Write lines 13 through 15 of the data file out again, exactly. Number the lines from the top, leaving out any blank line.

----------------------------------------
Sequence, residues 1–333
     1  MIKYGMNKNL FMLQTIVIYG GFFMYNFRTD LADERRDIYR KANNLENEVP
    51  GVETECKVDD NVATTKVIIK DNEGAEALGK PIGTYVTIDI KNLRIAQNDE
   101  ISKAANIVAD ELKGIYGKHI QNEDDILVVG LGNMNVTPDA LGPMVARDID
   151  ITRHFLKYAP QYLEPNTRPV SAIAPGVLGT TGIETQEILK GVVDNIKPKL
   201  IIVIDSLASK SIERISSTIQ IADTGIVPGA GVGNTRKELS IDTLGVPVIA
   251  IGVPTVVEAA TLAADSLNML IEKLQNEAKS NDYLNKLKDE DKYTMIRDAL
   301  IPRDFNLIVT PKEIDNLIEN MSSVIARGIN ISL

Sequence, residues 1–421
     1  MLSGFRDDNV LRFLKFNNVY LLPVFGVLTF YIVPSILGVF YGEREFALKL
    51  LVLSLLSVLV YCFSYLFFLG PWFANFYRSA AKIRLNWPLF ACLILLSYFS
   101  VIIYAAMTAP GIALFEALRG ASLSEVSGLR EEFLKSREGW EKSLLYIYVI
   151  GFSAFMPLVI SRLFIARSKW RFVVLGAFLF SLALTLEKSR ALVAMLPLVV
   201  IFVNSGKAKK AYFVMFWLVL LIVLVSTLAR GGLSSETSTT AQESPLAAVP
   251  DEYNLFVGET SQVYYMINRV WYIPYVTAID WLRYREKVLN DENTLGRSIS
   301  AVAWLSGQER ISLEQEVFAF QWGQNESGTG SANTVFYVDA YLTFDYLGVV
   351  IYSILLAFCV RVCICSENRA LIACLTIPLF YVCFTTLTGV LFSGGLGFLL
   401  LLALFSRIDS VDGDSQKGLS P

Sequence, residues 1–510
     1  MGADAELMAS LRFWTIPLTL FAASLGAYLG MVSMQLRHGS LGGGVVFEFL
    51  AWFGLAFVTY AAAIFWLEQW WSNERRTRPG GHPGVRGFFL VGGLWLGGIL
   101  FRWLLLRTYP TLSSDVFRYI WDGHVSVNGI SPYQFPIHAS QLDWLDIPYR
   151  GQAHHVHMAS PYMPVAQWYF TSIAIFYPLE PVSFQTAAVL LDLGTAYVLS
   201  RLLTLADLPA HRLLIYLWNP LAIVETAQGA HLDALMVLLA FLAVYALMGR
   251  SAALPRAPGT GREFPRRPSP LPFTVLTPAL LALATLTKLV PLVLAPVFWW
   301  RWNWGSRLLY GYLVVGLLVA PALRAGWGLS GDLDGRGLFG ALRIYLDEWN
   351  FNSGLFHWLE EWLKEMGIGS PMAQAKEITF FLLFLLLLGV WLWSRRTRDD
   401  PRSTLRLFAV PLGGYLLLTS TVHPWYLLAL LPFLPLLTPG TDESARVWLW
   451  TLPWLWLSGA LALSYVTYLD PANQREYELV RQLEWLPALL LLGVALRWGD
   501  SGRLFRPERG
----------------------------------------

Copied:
   151  GFSAFMPLVI SRLFIARSKW RFVVLGAFLF SLALTLEKSR ALVAMLPLVV
   201  IFVNSGKAKK AYFVMFWLVL LIVLVSTLAR GGLSSETSTT AQESPLAAVP
   251  DEYNLFVGET SQVYYMINRV WYIPYVTAID WLRYREKVLN DENTLGRSIS